College of Education

First students sign up for accelerated education pathway


A high school student sits at a table signing a form.
Hunter Wilson and Caroline Wilson officially sign their intention to pursue a degree in education through the Expressway to Tigertown accelerated degree program.
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The first students to take advantage of Clemson University’s accelerated pathway to a degree in education officially signed up at a recent event hosted by Greenville County Schools.

Caroline Wilson and Hunter Wilson (no relation) are seniors at Mauldin High School and will be the first students to travel the “Expressway to Tigertown,” a collaborative partnership that opens a seamless pathway from high school to Greenville Technical College and then later to a degree in education from Clemson University. The two students signed their intention to pursue the program at Mauldin High School during a recent event celebrating the program.

Burke Royster addresses the students and guests at the recent signing event.

The partnership between the three institutions identifies, supports and prepares students for a career as an educator. The purpose of the teacher pipeline partnership is to provide curriculum pathways for high school students from Greenville County Schools to begin taking dual credit courses as early as the 10th grade. Students will then go on to earn an associate’s degree from Greenville Technical College and finally a teacher preparation bachelor’s degree from Clemson University.

Burke Royster, superintendent of Greenville County Schools, was on hand at the event. He said the cost savings for students is attractive, but the program’s strength also lies in its ability to identify students who have a true passion for education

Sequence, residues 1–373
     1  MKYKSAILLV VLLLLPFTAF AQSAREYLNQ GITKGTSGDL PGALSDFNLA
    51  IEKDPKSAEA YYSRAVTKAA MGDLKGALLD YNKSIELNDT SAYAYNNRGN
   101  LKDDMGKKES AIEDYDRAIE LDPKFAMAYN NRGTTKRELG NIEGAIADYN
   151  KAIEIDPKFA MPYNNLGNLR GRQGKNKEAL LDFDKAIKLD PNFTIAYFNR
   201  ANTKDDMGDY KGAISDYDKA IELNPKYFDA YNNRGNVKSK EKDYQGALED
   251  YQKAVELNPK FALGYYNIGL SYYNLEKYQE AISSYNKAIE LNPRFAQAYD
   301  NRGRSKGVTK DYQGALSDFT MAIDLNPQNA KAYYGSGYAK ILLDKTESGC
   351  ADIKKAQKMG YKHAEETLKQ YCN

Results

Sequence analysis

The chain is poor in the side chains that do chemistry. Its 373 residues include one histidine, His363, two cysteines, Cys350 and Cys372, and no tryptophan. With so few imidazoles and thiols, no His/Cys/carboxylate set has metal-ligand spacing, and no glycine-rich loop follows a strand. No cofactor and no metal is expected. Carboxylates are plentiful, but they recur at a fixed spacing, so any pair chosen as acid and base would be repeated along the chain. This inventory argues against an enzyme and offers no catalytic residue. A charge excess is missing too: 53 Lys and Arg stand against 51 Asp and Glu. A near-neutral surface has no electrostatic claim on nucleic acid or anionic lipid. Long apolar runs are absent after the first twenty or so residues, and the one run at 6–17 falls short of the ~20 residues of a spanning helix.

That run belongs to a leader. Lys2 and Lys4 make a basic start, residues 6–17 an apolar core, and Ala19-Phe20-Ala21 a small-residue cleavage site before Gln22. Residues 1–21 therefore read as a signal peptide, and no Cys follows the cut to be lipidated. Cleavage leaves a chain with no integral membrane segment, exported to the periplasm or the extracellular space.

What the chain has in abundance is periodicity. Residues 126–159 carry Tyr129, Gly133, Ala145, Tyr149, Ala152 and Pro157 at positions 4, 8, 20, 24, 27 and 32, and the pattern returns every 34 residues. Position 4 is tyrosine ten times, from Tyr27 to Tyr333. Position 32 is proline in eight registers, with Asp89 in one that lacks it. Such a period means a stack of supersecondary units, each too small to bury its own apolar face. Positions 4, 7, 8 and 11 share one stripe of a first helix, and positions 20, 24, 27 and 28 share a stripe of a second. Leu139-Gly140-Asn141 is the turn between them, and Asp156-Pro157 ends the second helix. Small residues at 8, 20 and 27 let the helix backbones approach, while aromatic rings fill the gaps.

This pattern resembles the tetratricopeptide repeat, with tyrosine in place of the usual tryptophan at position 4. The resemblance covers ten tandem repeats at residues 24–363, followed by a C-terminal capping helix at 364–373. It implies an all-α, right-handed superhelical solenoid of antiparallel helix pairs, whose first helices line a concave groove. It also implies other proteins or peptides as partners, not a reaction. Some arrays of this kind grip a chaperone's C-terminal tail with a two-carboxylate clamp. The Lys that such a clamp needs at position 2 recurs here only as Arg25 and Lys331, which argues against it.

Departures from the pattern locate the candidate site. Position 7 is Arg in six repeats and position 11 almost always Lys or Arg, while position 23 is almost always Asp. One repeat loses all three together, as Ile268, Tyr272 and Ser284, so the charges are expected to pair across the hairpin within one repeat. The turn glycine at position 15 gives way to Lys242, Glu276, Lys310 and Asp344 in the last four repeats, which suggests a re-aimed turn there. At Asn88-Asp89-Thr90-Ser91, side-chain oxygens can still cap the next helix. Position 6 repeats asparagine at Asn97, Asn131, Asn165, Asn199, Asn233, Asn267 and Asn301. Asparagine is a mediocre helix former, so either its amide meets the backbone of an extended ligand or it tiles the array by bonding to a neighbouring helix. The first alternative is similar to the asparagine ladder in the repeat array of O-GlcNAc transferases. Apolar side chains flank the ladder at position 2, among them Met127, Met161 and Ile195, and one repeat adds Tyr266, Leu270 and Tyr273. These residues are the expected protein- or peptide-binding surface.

“We’re able to establish a pipeline for teachers coming out of our schools as long as they’ve taken classes they’re prescribed to take and made the grades they’re required to make,” Royster said. “Basically this program cuts four-year tuition in half for them.”

A man behind a podium talks to students.
George J. Petersen praised the students during his remarks for being the first to take advantage of an innovative program.

Caroline and Hunter will spend one year at Greenville Technical College and the remainder of the program at Clemson, allowing them to receive a bachelor’s degree in just three years after high school graduation. Students can choose to spend an additional year at Clemson to earn a master’s degree through its teacher residency program and benefit from the additional knowledge, training and pay that come with it.

Caroline, who plans to major in special education, said that the program was attractive to her because it allowed her to get a jump on her career and spend time with the student population with which she has enjoyed working for years.

“I’ve always loved kids and helped with special ed classes in my schools,” Caroline said. “I’ve had a wonderful mentor teacher through my teacher cadet experience, and she showed me this is what I’m meant to do.”

A teacher and two students stand in front of a Greenville County Schools banner.
Hunter Wilson, Rachel Turner and Caroline Wilson (left to right) pose for photos at the conclusion of the program.

In addition to Royster, multiple representatives from partner institutions were present at the event, including Dr. Larry Miller, vice president of learning and workforce development at Greenville County Tech; Dr. George J. Petersen, dean emeritus and provost distinguished professor of educational innovation at Clemson University; and Rachel Turner, teacher cadet instructor and dual enrollment instructor at Mauldin High School.

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